Plans to introduce booster jabs to protect against Covid-19 were announced by the government on Tuesday – but millions of people have still not had even one dose.
More than a quarter of the population – some 28 per cent – is currently estimated to be unvaccinated. In numbers, that’s roughly 18.6 million people.
Some two-thirds of the total are under 16 and are, therefore, not currently eligible for the shot.
But some 5.9 million remain unvaccinated despite being offered a jab. So, who are they? A nation by nation analysis by the Press Association news agency gives an indication…
Northern Ireland has the highest proportion of people unvaccinated among the four UK nations.
An estimated 31.5 per cent of the population has not received any Covid-19 shot. Among those aged 16 and above, the proportion is 13.5 per cent but levels vary considerably between younger and older age groups.
More than half of 16 and 17-year-olds (55.8 per cent) have not received any vaccine - the equivalent of around 25,000 people.
Some 27.8 per cent of 18 to 29-year-olds have not had a first dose (77,000 people), while the figure for 30 to 39-year-olds is 22.3 per cent (56,000).
Levels are much lower for older age groups, however.
Just 0.3 per cent of 60 to 69-year-olds are estimated to be unvaccinated, while the number of first doses given to people aged 70 to 79 and 80 and over is greater than the estimated size of the population for both groups.
In England, an estimated 28.2 per cent of the population is unvaccinated - the equivalent of around 15.9 million people.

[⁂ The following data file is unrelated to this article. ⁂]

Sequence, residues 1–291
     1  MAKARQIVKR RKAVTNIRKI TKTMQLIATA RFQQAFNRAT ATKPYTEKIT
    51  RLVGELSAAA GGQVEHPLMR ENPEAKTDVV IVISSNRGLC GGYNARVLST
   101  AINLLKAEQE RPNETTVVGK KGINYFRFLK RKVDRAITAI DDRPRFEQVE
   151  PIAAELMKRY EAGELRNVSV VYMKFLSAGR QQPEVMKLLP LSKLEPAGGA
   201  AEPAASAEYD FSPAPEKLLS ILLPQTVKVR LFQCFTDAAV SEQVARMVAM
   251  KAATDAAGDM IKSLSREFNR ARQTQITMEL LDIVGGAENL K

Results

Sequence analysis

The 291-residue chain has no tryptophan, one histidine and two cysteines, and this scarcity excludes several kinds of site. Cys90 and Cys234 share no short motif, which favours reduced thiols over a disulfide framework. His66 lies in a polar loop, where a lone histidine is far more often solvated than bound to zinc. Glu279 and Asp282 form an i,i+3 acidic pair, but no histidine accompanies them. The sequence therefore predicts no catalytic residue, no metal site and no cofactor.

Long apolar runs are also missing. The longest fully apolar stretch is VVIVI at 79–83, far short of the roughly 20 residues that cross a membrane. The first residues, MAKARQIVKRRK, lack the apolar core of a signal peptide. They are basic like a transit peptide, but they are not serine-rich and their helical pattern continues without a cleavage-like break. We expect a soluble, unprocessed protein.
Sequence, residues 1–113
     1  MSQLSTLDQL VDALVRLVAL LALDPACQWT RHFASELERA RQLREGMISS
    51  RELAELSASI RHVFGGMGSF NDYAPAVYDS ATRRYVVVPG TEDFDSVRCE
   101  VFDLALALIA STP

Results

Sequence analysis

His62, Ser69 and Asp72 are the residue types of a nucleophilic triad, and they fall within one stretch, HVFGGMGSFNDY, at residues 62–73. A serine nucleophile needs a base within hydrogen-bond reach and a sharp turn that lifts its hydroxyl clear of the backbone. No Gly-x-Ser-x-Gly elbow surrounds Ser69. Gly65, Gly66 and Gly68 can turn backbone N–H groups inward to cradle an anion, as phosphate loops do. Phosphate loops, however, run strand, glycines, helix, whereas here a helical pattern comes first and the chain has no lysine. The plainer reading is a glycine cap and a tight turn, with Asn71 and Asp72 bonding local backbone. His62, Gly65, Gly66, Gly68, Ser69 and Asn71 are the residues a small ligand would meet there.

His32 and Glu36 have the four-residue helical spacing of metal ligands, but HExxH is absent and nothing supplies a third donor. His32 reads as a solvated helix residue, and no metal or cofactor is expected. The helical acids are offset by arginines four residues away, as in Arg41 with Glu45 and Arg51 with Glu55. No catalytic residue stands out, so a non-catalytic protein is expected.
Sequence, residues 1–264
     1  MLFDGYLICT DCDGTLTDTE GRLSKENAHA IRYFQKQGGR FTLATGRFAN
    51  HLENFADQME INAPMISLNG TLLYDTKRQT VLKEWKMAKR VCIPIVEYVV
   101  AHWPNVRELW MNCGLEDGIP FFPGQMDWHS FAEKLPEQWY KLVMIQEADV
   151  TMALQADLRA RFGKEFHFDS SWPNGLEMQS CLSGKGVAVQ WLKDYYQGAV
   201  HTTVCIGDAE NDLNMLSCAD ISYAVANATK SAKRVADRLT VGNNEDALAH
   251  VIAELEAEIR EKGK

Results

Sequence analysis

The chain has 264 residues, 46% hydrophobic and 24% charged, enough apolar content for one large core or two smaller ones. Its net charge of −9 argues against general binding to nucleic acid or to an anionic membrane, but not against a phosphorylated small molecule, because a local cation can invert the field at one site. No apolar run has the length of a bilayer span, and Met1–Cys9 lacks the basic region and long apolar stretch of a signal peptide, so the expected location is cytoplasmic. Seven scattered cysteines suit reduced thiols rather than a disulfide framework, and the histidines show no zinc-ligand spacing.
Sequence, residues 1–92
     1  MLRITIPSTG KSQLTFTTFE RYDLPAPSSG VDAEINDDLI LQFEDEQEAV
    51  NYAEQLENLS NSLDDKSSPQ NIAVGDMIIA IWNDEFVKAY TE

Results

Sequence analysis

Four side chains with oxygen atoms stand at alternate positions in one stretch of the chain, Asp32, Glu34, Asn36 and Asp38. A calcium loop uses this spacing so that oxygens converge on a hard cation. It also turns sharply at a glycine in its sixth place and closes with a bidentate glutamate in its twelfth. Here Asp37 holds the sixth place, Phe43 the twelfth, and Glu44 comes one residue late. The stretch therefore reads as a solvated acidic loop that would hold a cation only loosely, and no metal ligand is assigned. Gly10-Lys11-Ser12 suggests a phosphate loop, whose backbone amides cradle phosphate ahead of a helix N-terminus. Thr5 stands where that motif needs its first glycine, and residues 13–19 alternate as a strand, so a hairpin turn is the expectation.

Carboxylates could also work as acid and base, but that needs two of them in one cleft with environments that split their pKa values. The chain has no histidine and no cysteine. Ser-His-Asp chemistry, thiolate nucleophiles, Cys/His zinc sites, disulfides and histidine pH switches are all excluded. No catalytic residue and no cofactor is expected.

Among those aged 16 and over, the percentage is around one in nine (11.1 per cent).
But as with the other UK nations, the level of vaccine take-up varies greatly across age groups.
More than a quarter of people in England aged 18-29 (26.9 per cent) have yet to receive one dose, or around 2.3 million individuals.
A further 1.3 million people aged 30 to 39 are still unvaccinated - 17.1 per cent of this age group.
By contrast, only 2.9 per cent of people aged 80 and over are estimated to be unvaccinated, along with 1.8 per cent of those aged 70 to 79.
Of the 15.9 million people in England yet to receive any vaccine, 2.7 million are aged 12 to 15.
Just over a quarter of the population of Wales (25.3 per cent) has not received any Covid-19 vaccine - the equivalent of around 802,000 people.
Among those aged 16 and over, the overall proportion is 9.2 per cent, though this varies considerably across age groups.
Some 31.8 per cent of 16 and 17-year-olds have yet to have a first dose - nearly 26,000 people.
There are also 23.0 per cent of 18 to 29-year-olds who are still unvaccinated (112,000 people) and 22.2 per cent of 30 to 39 year-olds (95,000).
By contrast, just 3.8 per cent of people aged 80 and over have not received any vaccine, while the figure for 75 to 79-year-olds is 3.1 per cent.
There are nearly 145,000 children aged 12 to 15 in Wales.
Scotland is the only one of the four UK nations to have given a first dose of vaccine to more than three-quarters (75.8 per cent) of its population.
It means 24.2 per cent are still unvaccinated, or around 1.3 million people.
Some 8.9 per cent of people aged 16 and over have not received a jab - the lowest proportion of any UK nation.
Looking at specific age groups, 36.1 per cent of 16 and 17-year-olds in Scotland have yet to have a first dose (around 40,000 people), along with 24.5 per cent of 18 to 29-year-olds (205,000 people) and 17.1 per cent of 30 to 39-year-olds (125,000 people).
But the number of doses given to people aged 60 and over is greater than the population estimates for all these age groups.
Some 234,000 children aged 12 to 15 are estimated to live in Scotland.